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DSM-5 Criteria for PTSD Diagnosis

Angela Doel

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Post Traumatic Stress Disorder (PTSD) is a mental health condition that can occur after someone has experienced a traumatic event. The Diagnostic and Statistical Manual of Mental Disorders, Fifth Edition, Text Revision (DSM-5-TR), published by the American Psychiatric Association (APA), provides guidelines for diagnosing PTSD. These criteria are useful for mental health professionals in identifying and evaluating clients who suffer from this debilitating condition.

Criteria for Diagnosing PTSD in the DSM-5-TR, 309.81 (F43.10)

The following criteria apply to adults, adolescents, and children older than six years old. These symptoms must persist for more than one month and significantly impact the individual’s functioning or cause distress.

Full copyright criteria are available from the American Psychiatric Association (2). All of the criteria are required for the diagnosis of PTSD. The following text summarizes the diagnostic criteria:

Criterion A (1 required): The person was exposed to: death, threatened death, actual or threatened serious injury, or actual or threatened sexual violence, in the following ways:

Direct exposure

Witnessing the trauma

Learning that the trauma happened to a close relative or close friend

Indirect exposure to aversive details of the trauma, usually in the course of professional duties (e.g., first responders, medics)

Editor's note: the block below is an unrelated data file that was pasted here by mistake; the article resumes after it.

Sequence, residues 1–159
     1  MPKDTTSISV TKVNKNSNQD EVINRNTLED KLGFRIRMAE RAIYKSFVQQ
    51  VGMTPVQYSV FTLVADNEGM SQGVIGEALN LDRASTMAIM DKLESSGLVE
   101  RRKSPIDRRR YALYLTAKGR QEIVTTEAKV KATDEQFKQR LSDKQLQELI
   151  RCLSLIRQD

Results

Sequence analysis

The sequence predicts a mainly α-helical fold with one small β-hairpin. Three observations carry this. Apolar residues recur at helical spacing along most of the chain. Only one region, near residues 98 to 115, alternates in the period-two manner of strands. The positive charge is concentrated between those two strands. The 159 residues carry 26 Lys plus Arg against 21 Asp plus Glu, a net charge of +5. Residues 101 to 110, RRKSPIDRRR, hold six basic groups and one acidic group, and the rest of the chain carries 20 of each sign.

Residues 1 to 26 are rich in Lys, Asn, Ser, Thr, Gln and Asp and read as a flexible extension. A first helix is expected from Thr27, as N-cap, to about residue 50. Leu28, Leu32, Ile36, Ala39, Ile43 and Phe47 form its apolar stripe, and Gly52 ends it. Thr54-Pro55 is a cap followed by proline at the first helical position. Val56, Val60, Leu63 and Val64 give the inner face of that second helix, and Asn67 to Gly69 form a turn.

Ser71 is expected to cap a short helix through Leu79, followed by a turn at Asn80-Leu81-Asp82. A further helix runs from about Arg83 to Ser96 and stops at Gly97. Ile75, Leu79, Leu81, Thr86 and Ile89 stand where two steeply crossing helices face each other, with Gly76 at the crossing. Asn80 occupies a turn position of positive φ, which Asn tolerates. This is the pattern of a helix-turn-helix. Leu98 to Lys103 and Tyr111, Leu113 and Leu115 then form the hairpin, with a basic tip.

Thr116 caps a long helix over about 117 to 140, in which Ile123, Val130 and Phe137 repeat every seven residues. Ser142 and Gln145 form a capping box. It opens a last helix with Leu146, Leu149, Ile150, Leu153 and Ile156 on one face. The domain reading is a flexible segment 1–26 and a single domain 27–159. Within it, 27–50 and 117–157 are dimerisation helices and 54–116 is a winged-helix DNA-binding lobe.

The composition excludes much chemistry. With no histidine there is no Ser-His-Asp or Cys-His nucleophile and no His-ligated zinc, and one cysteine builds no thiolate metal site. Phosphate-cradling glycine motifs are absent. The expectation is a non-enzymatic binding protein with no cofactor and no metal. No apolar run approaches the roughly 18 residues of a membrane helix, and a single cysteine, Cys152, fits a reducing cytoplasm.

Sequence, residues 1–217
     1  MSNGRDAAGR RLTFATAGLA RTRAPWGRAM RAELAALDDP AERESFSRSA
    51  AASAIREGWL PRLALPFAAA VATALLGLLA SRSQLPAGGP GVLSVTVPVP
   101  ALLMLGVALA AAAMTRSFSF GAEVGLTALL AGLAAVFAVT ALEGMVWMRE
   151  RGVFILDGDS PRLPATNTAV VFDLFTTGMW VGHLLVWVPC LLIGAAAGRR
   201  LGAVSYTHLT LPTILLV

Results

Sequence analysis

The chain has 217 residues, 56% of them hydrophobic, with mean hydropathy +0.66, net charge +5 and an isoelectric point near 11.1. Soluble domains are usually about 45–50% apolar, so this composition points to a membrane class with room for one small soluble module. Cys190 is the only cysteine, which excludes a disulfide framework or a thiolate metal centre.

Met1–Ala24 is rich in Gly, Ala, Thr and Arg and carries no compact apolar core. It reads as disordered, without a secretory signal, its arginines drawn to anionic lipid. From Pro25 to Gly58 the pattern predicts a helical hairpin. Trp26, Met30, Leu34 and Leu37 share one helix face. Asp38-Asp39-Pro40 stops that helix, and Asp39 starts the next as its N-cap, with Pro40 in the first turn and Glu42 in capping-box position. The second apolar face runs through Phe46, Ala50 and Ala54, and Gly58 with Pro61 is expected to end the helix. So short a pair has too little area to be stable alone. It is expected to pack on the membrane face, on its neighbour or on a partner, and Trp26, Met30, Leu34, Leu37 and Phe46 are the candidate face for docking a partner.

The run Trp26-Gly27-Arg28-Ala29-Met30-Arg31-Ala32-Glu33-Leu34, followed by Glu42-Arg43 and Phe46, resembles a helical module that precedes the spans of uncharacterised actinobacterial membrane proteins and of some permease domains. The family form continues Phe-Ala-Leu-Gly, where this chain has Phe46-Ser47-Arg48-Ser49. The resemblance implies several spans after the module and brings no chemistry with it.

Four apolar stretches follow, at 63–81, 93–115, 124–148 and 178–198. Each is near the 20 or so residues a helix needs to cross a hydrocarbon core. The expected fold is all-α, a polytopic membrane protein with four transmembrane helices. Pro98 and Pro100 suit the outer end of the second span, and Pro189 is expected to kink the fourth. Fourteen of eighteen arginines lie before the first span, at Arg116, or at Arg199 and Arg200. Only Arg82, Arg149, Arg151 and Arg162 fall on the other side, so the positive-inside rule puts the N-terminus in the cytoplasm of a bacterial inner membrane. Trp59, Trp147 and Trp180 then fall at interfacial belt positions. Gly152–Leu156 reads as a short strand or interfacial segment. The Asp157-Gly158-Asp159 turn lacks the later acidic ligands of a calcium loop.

Criterion B (1 required): The traumatic event is persistently re-experienced in the following ways:

Unwanted, upsetting memories

Nightmares

Flashbacks

Emotional distress after exposure to traumatic reminders

Physical reactivity after exposure to traumatic reminders

Criterion C (1 required): Avoidance of trauma-related stimuli after the trauma in the following ways:

Trauma-related thoughts or feelings

Trauma-related reminders

Criterion D (2 required): Negative thoughts or feelings that began or worsened after the trauma, in the following way(s):

Inability to recall key features of the trauma

Overly negative thoughts and assumptions about oneself or the world

Exaggerated blame of self or others for causing the trauma

Negative affect

Decreased interest in activities

Feeling isolated

Difficulty experiencing positive affect

Criterion E (2 required): Trauma-related arousal and reactivity that began or worsened after the trauma occurred in the following ways:

Irritability or aggression

Risky or destructive behavior

Hypervigilance

Heightened startle reaction

Difficulty concentrating

Difficulty sleeping

Criterion F (required): Symptoms last for more than 1 month.

Criterion G (required): Symptoms create distress or functional impairment (e.g., social, occupational).

Criterion H (required): Symptoms are not due to medication, substance use, or other illness.

Two specifications

Dissociative Specification.

In addition to meeting the criteria for diagnosis, an individual experiences high levels of either of the following in reaction to trauma-related stimuli:

Experience of being an outside observer of or detached from oneself (e.g., feeling as if "this is not happening to me" or one were in a dream).

Experience of unreality, distance, or distortion (e.g., "things are not real").

Delayed Specification.

Full diagnostic criteria are not met until at least 6 months after the trauma(s), although the onset of symptoms may occur immediately.

Differential Diagnosis

Differential diagnosis involves distinguishing one disorder from others that exhibit similar symptoms. When diagnosing PTSD, it is essential to differentiate it from disorders with overlapping symptoms. Here are disorders that could be considered during the process of diagnosis: